Page:Behemoth 1889.djvu/83

From Wikisource
Jump to navigation Jump to search
This page has been validated.

requisite, either of faith or honesty, for the salvation of one man than of another? What needs so much preaching of faith to us that are no heathens, and that believe already all that Christ and his apostles have told us is necessary to salvation, and more too? Why is there so little preaching of justice? I have indeed heard righteousness often recommended to the people, but I have seldom heard the word justice occur in their sermons; nay, though in the Latin and Greek Bible the word justice occur exceeding often, yet in the English, though it be a word that every man understands, the word righteousness (which few understand to signify the same, but take it rather for rightness of opinion, than of action or intention), is put in the place of it.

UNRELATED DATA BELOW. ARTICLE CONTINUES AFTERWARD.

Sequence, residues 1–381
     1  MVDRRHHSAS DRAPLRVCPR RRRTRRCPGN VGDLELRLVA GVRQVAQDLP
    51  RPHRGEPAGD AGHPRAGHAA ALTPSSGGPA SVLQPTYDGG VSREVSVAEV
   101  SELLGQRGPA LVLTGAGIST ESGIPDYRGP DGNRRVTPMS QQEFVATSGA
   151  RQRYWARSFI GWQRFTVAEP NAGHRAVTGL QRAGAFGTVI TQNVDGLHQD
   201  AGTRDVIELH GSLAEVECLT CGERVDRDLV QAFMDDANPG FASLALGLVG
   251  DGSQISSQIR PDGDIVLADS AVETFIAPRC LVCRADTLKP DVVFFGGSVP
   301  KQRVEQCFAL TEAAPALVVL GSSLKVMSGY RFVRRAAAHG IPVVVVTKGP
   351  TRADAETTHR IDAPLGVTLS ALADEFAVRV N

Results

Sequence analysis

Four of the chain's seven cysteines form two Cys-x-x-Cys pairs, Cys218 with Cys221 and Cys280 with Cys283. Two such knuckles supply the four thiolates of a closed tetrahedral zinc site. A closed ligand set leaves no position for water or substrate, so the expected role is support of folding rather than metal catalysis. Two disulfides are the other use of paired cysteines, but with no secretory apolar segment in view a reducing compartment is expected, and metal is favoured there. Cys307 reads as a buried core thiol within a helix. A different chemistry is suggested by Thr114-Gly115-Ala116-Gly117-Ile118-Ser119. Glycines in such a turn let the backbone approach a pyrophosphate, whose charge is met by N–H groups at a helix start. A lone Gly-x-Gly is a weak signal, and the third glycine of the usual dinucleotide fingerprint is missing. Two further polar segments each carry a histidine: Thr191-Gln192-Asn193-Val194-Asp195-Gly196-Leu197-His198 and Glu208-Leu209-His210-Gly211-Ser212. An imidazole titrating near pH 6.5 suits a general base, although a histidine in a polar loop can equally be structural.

A. I confess I know very few controversies amongst Christians, of points necessary to salvation. They are the questions of authority and power over the Church, or of profit, or of honour to Churchmen, that for the most part raise all the controversies. For what man is he, that will trouble himself and fall out with his neighbours for the saving of my soul, or the soul of any other than himself? When the Presbyterian ministers and others did so seriously preach sedition, and animate men to rebellion in these late wars; who was there that had not a benefice, or having one feared not to lose it, or some other part of his maintenance, by the alteration of the Government, that did voluntarily, without any eye to reward, preach so earnestly against sedition, as the other party preached for it? I confess, that for aught I have observed in history, and other writings of the heathens, Greek and Latin, that those heathens were not at all behind us in point of virtue and moral duties, notwithstanding that we have had much preaching, and they none at all. I confess also, that considering what harm may proceed from a liberty that men have, upon every Sunday and oftener, to harangue all the people of a nation at one time, whilst the state is ignorant of what they will say; and that there is no such thing permitted in all the world out of Christendom, nor therefore